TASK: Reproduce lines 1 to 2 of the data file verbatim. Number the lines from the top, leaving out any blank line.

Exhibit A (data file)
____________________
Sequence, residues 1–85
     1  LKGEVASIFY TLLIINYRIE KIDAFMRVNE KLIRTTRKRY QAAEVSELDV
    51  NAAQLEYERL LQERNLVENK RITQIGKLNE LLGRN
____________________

Sequence, residues 1–85
     1  LKGEVASIFY TLLIINYRIE KIDAFMRVNE KLIRTTRKRY QAAEVSELDV